“You don’t look Autistic.”

When people think of Aspergers, they. see mostly men who live in their mothers basement. They see nerds wearing fedoras and playing video games. people don’t really ever think of women with Aspergers. But if they do they see a nerdy tomboy without makeup or girly clothing. but I want people to know the truth. I spent most of my life being bullied physically and emotionally. I was suicidal from this. But I have worked hard learning to fit in to the point I appear normal. But I’m not. I have terrible anxiety, I have a routine I stick to or I get freaked out. Socializing is incredibly hard and I usually end up not talking because its hard to read people. Once you get to know me you can see it. I think very logically, I separate emotion from logic when making a decision, if I can make one at all. I’m clumsy and have very little hand eye coordination. I fall a lot. Sometimes I fall non-verbal and my brain can’t get words to my mouth. It’s like a train going off the tracks. I do rock and flap like many Autistic do. I cover my ears to normal noises because they hurt. Lights give me migraines and my skin is dull to pain. I could bleed and not notice it. Yes, I have Aspergers and I have an eye for color, shape, texture and patterns. My obsession is makeup and vintage clothes. I want people to change their expectations of how I should look. I no longer want to hear, “you dont look Autistic.” Challenge your expectations. I am Autistic and beautiful.


Diagnosing Neurotypical Disorder.

this post is tongue in cheek.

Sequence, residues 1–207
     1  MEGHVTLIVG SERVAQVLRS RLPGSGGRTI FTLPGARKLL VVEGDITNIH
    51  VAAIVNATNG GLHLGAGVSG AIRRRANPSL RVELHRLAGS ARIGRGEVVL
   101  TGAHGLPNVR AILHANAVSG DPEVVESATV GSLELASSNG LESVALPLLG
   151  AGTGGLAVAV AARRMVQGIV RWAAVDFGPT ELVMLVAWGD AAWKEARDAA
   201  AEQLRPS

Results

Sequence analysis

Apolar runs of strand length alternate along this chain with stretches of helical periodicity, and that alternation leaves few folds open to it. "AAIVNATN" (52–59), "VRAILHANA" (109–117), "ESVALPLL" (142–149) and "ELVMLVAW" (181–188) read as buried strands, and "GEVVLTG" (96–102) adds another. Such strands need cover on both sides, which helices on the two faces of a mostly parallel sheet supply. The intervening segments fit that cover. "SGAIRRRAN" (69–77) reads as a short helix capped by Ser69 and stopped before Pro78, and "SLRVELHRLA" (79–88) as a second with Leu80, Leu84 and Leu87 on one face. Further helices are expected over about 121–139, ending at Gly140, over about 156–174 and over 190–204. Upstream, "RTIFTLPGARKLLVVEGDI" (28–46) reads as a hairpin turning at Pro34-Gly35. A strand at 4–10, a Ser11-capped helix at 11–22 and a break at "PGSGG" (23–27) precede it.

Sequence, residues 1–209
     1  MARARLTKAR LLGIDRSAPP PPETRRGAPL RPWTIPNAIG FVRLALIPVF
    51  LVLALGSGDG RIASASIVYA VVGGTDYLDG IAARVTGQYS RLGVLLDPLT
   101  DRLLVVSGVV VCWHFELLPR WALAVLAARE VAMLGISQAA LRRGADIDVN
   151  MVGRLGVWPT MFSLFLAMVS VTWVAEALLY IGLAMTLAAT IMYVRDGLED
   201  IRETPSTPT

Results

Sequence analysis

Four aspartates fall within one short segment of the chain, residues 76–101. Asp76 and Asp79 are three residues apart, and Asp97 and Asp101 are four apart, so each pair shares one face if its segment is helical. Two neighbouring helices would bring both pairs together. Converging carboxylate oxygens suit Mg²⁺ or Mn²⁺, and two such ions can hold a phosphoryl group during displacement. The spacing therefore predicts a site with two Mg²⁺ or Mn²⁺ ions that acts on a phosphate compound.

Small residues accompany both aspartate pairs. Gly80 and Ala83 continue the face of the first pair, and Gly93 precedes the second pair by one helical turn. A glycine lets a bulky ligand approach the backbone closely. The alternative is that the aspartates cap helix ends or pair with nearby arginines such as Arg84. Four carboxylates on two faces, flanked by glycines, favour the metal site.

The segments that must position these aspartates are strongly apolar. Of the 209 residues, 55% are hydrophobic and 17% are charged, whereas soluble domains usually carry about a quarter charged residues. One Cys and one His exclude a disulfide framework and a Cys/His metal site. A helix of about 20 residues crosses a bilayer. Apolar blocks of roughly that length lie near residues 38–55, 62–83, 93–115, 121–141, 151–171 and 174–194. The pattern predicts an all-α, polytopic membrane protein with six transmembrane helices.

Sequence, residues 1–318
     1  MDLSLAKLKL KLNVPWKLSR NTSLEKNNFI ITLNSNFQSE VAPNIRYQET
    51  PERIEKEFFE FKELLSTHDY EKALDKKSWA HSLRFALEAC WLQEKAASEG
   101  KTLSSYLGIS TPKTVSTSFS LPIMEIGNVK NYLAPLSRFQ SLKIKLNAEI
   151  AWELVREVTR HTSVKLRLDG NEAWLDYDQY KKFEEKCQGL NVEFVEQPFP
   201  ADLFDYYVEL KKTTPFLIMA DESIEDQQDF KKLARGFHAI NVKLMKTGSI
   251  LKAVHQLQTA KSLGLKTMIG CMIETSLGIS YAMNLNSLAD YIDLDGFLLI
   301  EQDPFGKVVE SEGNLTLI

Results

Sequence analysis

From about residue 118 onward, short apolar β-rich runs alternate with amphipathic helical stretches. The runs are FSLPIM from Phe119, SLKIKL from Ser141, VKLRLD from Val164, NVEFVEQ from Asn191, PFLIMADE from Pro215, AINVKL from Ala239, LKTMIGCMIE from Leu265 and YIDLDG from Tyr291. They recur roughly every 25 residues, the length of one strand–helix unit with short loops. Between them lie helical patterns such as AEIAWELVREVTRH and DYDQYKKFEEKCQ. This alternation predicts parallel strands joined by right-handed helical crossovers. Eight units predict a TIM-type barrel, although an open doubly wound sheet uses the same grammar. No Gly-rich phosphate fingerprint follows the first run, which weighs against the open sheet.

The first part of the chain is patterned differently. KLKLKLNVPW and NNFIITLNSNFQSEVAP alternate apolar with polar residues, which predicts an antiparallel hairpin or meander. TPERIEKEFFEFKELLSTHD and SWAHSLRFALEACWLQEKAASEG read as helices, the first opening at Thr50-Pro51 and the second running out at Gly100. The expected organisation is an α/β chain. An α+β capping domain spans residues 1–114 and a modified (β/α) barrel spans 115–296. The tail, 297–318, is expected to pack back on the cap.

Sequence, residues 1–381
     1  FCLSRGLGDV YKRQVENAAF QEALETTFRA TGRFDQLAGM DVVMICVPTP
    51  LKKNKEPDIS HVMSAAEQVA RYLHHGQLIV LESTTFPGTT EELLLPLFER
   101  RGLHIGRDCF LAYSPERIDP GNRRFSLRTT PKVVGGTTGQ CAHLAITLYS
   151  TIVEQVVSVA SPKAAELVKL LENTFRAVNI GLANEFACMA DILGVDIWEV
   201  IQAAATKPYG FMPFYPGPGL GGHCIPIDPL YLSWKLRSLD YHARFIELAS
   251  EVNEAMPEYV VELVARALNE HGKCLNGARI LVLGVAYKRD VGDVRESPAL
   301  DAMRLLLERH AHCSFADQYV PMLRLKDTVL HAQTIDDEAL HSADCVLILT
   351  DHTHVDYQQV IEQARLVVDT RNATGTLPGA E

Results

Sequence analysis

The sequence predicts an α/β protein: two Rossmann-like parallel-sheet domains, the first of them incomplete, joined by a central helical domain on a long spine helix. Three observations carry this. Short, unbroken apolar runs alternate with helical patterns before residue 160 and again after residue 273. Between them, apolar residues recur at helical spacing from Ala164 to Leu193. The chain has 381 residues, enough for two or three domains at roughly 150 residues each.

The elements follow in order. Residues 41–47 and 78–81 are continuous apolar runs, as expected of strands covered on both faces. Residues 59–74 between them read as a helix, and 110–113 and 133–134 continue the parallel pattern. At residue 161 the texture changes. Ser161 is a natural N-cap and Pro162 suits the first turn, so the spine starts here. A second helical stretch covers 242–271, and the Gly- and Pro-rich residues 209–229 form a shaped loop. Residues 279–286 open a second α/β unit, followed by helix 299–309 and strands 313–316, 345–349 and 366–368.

There is a disorder that many Autistics are aware of. It is commonly known as Neurotypical Disorder, also know as NTD. Their behaviors remain baffling to us. Communication remains taxing. Here is a brief overview of these behaviors.

People with this disorder use emotion to make decisions, are often irrational, and have trouble with ‘literal’ conversation. Their drive is social. They have a mysterious language that isn’t understandable to Autistics.  Neurotypicals can communicate with a look and often say one thing and mean another. Accompanied with this is a high incidence of lying and evasiveness. 

Neurotypicals are preoccupied with social concerns often are rigid in their social conventions. Conformity runs rampant. They have certain rituals that bond them to a group. Other people are viewed as extensions of themselves. Sufferers often believe that their experiences and beliefs are the right ones. Differences are not tolerated and feared.
There appears to be a social hierarchy that they live by.  The NT with the most stuff wins.  There is a “social ladder” that they strive to “climb.” Either with sex, education, money, small talk, or careers. They are in constant competition.  Being higher on this “ladder” makes you a more important person.
Mating seems to be their primary focus. They have specific dances they utilize to attract a mate. Often drunk and with deafening electronic music they “shake that thang” to garner attention. If ones perceived attractiveness of another is less than that perceived of themselves they will strongly and rudely reject the possible mate.  This leaves room for indignation. And many NTs don’t get “laid.”
The way they perceive to world is often narrow and they insist that they are correct even when the evidence goes against them, and often refuting other valid options. NTs have issue with detail and often think too abstractly. They miss seeing parts of the whole and ignore small details. Their observation skills leave much to be desired.